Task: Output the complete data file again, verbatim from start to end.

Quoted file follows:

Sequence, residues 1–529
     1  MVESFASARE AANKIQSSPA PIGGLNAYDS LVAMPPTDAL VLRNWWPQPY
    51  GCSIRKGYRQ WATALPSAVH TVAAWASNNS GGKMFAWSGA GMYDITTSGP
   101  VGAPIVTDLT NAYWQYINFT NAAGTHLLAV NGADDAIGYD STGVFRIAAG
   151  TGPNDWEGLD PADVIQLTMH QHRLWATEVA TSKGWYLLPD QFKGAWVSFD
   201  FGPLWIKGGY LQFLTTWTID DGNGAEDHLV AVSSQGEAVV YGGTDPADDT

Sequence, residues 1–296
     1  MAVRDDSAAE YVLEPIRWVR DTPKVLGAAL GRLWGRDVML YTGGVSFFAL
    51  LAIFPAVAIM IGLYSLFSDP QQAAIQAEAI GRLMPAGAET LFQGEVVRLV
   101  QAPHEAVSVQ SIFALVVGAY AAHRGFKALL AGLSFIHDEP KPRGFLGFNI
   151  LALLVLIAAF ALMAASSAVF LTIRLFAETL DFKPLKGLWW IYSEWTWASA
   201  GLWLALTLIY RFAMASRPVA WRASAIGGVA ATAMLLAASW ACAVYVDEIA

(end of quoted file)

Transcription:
Sequence, residues 1–529
     1  MVESFASARE AANKIQSSPA PIGGLNAYDS LVAMPPTDAL VLRNWWPQPY
    51  GCSIRKGYRQ WATALPSAVH TVAAWASNNS GGKMFAWSGA GMYDITTSGP
   101  VGAPIVTDLT NAYWQYINFT NAAGTHLLAV NGADDAIGYD STGVFRIAAG
   151  TGPNDWEGLD PADVIQLTMH QHRLWATEVA TSKGWYLLPD QFKGAWVSFD
   201  FGPLWIKGGY LQFLTTWTID DGNGAEDHLV AVSSQGEAVV YGGTDPADDT

Sequence, residues 1–296
     1  MAVRDDSAAE YVLEPIRWVR DTPKVLGAAL GRLWGRDVML YTGGVSFFAL
    51  LAIFPAVAIM IGLYSLFSDP QQAAIQAEAI GRLMPAGAET LFQGEVVRLV
   101  QAPHEAVSVQ SIFALVVGAY AAHRGFKALL AGLSFIHDEP KPRGFLGFNI
   151  LALLVLIAAF ALMAASSAVF LTIRLFAETL DFKPLKGLWW IYSEWTWASA
   201  GLWLALTLIY RFAMASRPVA WRASAIGGVA ATAMLLAASW ACAVYVDEIA